Armed Navy personnel near Building 26 at Naval Medical Center San Diego. REUTERS / Mike Blake
Armed Navy personnel near Building 26 at Naval Medical Center San Diego. REUTERS / Mike Blake

An unfounded report of shots fired Tuesday morning at Naval Medical Center San Diego in Balboa Park prompted a lockdown of the facility and nearby schools as law enforcement officers flooded the area and police dogs searched a building.

Around 8 a.m., a witness reported hearing three shots come from the basement of building 26, which houses a gym and barracks, according to Navy Region Southwest.

Military police and service dogs conducted an initial search, then turned to a more thorough floor-by-floor sweep, according to Navy officials. No evidence of a shooting was found.

“We did an initial clearing of (Building 26) and found nothing that … would indicate any kind of dangerous situation,” Capt. Curt Jones, commanding officer of Naval Base San Diego, told reporters during a late-morning briefing. “But we are going back through, and now we’re actually extracting people out of the building and ensuring that there is no threat.”

Naval Medical Center San Diego. Department of Defense photo

A message on the hospital’s Facebook page initially said: “All occupants are advised to run, hide or fight. All non-emergency response personnel are asked to stay away from the compound, located at 34800 Bob Wilson Drive, San Diego, CA 92134.”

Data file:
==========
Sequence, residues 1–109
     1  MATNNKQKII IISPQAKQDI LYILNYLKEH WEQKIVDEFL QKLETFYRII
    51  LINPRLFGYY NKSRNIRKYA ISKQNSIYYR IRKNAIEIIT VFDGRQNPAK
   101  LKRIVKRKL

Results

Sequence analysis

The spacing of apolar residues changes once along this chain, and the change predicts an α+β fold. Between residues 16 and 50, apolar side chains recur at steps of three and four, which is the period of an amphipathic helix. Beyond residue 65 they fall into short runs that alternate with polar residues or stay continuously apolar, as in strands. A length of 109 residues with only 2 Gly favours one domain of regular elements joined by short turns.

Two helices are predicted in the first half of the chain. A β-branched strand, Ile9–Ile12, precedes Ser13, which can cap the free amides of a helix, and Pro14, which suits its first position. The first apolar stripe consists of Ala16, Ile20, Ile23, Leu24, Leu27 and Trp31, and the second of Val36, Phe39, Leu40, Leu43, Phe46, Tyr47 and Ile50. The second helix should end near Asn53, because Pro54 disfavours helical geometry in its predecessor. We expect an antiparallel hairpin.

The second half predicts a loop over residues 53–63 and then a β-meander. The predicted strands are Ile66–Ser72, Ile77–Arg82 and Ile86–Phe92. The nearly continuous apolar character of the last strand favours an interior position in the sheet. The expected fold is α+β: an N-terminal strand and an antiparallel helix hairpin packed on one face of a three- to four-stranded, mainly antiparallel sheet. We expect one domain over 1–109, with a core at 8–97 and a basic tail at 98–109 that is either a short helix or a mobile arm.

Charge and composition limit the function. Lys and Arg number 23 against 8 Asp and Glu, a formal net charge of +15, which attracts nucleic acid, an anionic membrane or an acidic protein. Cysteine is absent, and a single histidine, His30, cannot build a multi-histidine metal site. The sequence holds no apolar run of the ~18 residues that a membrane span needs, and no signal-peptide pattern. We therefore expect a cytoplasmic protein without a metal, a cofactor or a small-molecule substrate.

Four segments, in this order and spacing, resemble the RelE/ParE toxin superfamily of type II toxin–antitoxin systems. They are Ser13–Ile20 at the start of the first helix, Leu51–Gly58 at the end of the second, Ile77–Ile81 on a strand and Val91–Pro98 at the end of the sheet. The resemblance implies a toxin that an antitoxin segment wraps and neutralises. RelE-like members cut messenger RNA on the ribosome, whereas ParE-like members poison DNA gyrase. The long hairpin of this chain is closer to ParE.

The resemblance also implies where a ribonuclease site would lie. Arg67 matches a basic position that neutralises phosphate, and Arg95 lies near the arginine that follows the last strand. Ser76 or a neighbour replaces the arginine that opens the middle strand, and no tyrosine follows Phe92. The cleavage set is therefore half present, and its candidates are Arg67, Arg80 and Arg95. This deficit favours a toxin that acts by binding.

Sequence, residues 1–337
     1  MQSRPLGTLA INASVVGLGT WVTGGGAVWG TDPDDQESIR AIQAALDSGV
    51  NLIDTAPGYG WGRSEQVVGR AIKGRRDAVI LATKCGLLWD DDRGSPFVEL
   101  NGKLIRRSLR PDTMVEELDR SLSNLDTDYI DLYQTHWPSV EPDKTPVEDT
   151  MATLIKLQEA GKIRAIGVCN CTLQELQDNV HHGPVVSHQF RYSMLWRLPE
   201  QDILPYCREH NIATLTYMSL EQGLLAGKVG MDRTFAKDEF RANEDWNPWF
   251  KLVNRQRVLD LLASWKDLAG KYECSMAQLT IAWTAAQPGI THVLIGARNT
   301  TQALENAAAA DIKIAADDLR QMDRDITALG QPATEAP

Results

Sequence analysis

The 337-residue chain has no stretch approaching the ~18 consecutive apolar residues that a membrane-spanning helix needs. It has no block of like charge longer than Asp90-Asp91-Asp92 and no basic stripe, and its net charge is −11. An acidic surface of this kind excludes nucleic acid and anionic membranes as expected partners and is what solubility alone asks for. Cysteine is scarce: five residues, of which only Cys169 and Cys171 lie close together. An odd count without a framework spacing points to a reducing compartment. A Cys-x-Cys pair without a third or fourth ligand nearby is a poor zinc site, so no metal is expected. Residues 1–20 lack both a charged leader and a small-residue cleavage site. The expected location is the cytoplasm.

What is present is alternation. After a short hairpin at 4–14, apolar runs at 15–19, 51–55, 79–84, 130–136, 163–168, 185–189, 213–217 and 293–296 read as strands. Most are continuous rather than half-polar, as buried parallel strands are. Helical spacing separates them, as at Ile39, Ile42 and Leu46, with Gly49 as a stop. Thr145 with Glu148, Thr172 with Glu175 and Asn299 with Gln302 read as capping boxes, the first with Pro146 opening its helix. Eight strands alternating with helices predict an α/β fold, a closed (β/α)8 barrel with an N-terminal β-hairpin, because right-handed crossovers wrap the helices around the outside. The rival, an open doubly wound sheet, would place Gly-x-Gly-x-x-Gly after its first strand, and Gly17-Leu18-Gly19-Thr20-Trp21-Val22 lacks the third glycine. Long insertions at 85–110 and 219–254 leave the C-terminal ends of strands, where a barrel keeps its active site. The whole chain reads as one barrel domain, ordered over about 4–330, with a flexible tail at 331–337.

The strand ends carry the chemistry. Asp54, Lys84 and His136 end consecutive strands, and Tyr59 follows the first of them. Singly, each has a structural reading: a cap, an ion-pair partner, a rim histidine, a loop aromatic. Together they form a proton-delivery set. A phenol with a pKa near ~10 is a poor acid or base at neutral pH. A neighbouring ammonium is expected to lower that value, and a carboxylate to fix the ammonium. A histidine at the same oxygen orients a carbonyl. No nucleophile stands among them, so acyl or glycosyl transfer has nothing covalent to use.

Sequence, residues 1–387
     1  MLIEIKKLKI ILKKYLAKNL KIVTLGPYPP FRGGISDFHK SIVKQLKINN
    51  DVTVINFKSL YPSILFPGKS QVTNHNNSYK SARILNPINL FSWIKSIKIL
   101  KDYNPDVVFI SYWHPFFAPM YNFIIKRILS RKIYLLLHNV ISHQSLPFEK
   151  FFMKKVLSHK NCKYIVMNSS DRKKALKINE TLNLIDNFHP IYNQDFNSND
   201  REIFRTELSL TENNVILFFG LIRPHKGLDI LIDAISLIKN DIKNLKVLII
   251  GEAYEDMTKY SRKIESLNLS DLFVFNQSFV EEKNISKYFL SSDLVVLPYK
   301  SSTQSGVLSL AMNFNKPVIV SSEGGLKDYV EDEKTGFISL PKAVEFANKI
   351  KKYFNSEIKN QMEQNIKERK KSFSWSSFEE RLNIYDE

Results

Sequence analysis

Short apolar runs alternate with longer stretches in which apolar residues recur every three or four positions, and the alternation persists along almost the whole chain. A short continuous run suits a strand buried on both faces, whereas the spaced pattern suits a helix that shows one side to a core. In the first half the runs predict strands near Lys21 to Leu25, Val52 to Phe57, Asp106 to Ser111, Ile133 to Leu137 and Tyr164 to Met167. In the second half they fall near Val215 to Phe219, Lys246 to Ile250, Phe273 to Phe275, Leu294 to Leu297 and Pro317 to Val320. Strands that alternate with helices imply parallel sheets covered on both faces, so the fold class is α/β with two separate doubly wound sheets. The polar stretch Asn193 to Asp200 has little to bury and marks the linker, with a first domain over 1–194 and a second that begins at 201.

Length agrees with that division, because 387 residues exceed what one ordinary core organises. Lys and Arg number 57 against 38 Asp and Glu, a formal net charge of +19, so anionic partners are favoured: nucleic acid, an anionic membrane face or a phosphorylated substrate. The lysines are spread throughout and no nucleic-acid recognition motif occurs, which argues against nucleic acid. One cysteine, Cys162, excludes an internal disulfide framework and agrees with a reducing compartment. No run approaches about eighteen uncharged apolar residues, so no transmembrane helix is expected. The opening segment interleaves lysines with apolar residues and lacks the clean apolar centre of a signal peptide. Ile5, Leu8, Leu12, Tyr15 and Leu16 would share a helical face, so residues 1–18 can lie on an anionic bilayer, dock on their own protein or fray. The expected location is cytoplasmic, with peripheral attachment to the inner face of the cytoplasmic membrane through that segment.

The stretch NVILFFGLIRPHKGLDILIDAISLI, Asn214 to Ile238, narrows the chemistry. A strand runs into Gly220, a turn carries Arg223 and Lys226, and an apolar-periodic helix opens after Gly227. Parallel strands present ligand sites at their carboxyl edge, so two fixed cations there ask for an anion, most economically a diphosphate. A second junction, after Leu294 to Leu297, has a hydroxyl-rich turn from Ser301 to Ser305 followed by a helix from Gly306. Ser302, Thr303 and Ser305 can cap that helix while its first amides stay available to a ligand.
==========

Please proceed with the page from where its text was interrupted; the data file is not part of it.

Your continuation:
A later message advised: “Investigation still ongoing at NMCSD. All personnel continue to remain clear of NMCSD and follow all instructions of law enforcement personnel.”

Shortly after 9 a.m., Navy officials announced that the entire complex had been secured, including its childcare facilities, and no one was being allowed access. All children were said to be accounted for and safe.

Nearby Roosevelt Middle, and Garfield and San Diego High schools were placed on lockdown as a precaution, according to the San Diego Unified School District. The lockdown was later lifted, as was a subsequent order for students to shelter in place.

San Diego Mayor Kevin Faulconer and Police Chief Shelley Zimmerman praised the handling of the incident by Navy and local law enforcement authorities.

“We’re all grateful that it didn’t turn out to be an active shooter, but if it had been, what you saw is we’re very prepared as a region,” Zimmerman said.

The medical center is one of the most advanced treatment facilities in the Navy and dates back to 1917.

City News Service contributed to this article.

Chris Jennewein

Chris Jennewein is Editor & Publisher of Times of San Diego.